You may be used to seeing children practicing soccer in Verona, but they’re not the only ones scoring goals. Two adult women’s soccer teams, Team Sloth and Black Mambas, are also on the field for some fun recreational activity. While the origin stories and strategies of the two teams differ, they share a similar mission: To show that anyone of any skill level or age can enjoy soccer, even millennial mothers.
Team Sloth began in 2017, when Verona resident Corisa Walker missed her soccer days from high school. She posted on Facebook to see if anyone had an interest in playing soccer in a recreational league, and if there were any leagues nearby at all. She was directed to the Women Over 35 soccer league in West Orange, which has been around since the early 2000s, and got some response from potential players: Many of the women had little experience; some had never even kicked a soccer ball.
‘Just do less’
“I think ‘Team Sloth’ started as a joke,” says Walker, who is the librarian at both F.N. Brown and Brookdale Avenue elementary schools. “In one of the threads on Facebook, it was apparent that many who wanted to play had little to no experience playing soccer. ‘Just do less’ became our motto after referring to ourselves as sloths online. While the team name rang true at first with many losses, over the years, we’ve come together as a strong team each season and have even won a few games.”
The West Orange league is intended for young women like Walker and the members of Team Sloth—women aged 35 and older, experienced or not in soccer, who want to have fun, get active, and compete. The season runs from September to June and features seven teams from Verona and surrounding towns.
After gathering a roster of 14 women, Team Sloth came together and began weekly games on Wednesday evenings at The Soccer Palace in West Orange. Over the years, the team has faced challenges, such as players leaving, varying skill levels and, of course, the pandemic, which postponed games from March 2020 to September 2021. Members stayed in touch virtually and kept active on their own time. As a result, the team’s laid-back vibe is thriving and it currently has a roster of 10 players who still greatly enjoy the sport.
“Over the years, the one constant of playing soccer on Team Sloth is having fun,” Walker says. “The league is great in the sense that there are no practices, no standings or championship, but we do keep score during our weekly games, so recently winning some games after a halt during the pandemic is satisfying. Anyone is welcome to contact us via Instagram if they are interested in joining.”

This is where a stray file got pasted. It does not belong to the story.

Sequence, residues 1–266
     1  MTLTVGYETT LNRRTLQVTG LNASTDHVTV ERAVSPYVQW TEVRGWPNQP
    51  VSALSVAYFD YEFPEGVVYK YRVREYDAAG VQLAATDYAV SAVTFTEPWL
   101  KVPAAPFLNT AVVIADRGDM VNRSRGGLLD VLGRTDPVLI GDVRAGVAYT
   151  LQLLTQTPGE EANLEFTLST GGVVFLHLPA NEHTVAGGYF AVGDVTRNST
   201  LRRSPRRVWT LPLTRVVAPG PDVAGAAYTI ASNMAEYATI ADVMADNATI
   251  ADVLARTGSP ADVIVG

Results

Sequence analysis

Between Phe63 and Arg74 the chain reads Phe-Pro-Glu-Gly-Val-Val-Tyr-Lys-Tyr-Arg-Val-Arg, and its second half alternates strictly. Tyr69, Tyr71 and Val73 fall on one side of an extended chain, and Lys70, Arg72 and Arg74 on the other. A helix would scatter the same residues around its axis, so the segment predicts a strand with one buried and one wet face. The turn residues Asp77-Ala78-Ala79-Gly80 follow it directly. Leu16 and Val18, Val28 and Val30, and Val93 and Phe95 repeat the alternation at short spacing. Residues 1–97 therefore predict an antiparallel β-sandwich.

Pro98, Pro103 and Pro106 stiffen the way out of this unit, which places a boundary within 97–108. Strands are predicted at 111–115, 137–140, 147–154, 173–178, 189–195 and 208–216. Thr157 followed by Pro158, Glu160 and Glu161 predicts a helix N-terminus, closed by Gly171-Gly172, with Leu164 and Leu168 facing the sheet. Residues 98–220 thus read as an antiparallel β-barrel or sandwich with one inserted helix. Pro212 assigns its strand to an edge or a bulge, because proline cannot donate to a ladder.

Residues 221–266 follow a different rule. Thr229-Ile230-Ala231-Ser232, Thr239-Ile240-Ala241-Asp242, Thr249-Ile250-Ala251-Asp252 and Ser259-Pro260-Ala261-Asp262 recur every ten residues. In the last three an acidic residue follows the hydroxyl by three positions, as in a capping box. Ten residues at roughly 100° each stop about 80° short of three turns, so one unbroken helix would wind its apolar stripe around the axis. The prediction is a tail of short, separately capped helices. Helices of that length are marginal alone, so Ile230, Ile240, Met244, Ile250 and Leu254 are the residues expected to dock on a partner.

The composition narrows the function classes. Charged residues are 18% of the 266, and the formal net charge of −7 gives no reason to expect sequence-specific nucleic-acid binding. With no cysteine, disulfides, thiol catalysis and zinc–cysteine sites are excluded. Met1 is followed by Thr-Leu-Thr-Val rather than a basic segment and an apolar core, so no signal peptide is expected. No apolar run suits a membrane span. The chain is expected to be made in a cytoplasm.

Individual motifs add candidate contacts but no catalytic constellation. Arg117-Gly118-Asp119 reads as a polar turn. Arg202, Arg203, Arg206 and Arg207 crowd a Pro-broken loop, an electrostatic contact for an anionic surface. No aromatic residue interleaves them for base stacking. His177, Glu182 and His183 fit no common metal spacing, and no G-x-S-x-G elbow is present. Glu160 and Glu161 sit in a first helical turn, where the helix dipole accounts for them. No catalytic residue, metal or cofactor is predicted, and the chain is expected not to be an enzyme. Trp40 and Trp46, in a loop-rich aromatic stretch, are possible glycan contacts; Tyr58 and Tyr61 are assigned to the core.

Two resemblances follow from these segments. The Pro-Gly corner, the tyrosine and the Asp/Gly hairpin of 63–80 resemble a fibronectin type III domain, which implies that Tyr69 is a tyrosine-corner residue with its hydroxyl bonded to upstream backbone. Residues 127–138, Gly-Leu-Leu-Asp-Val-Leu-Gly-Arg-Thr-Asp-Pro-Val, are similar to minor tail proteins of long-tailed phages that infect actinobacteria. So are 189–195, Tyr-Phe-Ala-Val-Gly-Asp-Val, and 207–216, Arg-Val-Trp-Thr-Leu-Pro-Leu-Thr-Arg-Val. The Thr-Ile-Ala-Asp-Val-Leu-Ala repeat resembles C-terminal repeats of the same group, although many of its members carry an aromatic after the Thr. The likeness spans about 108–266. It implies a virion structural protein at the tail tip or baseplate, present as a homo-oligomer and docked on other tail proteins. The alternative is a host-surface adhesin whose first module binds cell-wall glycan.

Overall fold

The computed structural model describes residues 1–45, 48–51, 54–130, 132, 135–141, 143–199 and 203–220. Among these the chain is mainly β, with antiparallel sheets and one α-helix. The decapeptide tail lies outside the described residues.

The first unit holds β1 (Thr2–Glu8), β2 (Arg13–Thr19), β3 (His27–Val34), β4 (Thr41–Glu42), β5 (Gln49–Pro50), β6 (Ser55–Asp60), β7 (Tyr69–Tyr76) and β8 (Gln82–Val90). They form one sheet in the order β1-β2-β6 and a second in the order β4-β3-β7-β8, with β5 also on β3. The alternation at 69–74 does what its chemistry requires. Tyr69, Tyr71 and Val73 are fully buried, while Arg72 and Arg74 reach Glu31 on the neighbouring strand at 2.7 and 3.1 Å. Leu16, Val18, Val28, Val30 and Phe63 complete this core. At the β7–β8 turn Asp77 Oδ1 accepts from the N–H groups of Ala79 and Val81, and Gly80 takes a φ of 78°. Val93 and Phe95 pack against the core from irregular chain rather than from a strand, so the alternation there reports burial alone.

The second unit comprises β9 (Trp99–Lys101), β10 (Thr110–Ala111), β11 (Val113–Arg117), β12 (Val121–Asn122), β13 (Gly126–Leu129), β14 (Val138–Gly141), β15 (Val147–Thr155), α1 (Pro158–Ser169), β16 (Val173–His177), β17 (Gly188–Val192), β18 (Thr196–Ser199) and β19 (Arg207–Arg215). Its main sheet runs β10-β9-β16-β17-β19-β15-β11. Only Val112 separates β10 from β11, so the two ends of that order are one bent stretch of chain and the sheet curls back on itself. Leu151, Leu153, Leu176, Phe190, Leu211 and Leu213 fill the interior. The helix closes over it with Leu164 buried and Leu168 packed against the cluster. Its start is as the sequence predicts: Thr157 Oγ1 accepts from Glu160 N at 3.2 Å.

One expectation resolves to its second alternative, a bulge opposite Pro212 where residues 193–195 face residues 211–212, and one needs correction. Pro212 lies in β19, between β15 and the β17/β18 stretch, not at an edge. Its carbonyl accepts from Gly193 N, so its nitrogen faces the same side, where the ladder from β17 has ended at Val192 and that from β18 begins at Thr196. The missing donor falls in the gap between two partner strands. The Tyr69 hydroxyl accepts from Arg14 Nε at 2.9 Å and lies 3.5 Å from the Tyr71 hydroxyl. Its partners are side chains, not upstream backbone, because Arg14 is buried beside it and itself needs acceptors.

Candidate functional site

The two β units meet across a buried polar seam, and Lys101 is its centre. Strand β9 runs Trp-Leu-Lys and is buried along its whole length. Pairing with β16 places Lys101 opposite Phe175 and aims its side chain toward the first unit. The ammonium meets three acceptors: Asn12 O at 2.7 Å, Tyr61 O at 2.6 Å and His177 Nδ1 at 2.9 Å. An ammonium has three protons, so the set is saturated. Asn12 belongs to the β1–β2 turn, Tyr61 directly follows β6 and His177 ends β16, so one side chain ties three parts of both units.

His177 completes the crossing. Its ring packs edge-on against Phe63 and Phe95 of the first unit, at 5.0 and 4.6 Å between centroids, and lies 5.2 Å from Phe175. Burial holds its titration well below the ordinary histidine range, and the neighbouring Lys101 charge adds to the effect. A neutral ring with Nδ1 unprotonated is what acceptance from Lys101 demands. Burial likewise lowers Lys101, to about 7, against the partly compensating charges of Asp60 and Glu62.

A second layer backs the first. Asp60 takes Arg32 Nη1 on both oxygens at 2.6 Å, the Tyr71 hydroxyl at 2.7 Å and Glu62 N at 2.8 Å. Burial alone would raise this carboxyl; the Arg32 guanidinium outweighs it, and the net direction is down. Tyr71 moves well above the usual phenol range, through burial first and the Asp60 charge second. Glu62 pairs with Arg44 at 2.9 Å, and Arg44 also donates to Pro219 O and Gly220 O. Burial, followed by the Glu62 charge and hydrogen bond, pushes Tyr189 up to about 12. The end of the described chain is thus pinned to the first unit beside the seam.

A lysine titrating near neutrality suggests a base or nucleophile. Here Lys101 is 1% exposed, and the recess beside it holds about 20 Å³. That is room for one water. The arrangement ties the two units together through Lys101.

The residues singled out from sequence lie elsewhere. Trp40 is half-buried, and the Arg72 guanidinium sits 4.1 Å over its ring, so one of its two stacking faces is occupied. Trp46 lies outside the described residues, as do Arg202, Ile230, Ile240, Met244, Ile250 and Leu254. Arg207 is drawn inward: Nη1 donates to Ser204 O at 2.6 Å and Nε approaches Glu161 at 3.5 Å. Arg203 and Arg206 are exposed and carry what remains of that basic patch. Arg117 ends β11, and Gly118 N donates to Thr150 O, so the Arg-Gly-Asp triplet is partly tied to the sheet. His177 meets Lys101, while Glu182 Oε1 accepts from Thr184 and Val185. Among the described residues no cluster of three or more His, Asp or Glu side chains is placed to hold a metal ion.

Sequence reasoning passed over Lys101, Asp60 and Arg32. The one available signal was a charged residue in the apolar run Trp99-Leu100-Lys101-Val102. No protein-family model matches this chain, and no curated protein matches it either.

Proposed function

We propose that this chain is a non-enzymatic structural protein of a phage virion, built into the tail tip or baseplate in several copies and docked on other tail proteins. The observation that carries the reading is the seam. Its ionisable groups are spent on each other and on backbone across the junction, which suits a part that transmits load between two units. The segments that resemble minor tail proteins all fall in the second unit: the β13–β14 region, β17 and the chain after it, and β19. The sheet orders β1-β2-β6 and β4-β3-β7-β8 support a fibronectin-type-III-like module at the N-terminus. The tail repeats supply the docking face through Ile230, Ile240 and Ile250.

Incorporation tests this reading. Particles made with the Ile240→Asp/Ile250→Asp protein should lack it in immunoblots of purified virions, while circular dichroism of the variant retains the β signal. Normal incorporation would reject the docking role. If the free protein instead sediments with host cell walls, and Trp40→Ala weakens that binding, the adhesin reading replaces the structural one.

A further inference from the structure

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Black Mambas Soccer was formed last September by several Verona mothers who had gotten to know the West Orange soccer league from friends and social media.
“A few in our group had discussed the possibility of forming our own team but the timing was never right,” says Casey McCartney. “Then the pandemic happened and everything paused. Being able to finally get a group together has been an accomplishment in and of itself, and a fun one, if nothing else!”
Unlike Team Sloth, many of the Black Mambas have some soccer experience from high school or college. Sharing a passion for competition in sports, the team chose its name to reflect its fierce play—and to match the color of its jerseys, as black was the only color available for a new team.
The Black Mambas are driven by fitness: While they compete only on Wednesday evenings during the soccer season, they train on their own during the week. Some team members are active runners and cyclists, and practice strength training.
“What we all share is a competitive spirit and desire to improve and be better than the week before which is what you see on the field when we play,” says Shannon Curtin. “Initially, some of us were worried if our bodies would remember how to play soccer after a 15- to 20-plus-year hiatus. But it was like riding a bike, just with many more sore muscles. The training pays off.”
Currently, Black Mambas is composed of 11 women who all have children attending Forest Avenue Elementary School. It has a full roster now, but players on the adult teams, like the kids’ teams, can change. Team Sloth recruited a second goalie, Amanda Bullock, after having an empty spot on its roster.
Family, work—and soccer
Something that Team Sloth and Black Mambas share is the ability to strike a balance between sports, parenting, and employment. Members of both teams say that the fun outlet that soccer provides lets them unwind each week and grow as athletes.
“One of the things we love is the team camaraderie,” says Curtin. “We have become a family supporting one another both on and off the field. One of our kids, who we now refer to as ‘Mini Mambas’ said, ‘When I’m 38, can I play soccer, too?’ We love inspiring our kids to try new things and it’s also important that we do things for ourselves as moms. We’re a great example of women taking on new hobbies, sports and activities no matter what your age and ability level.”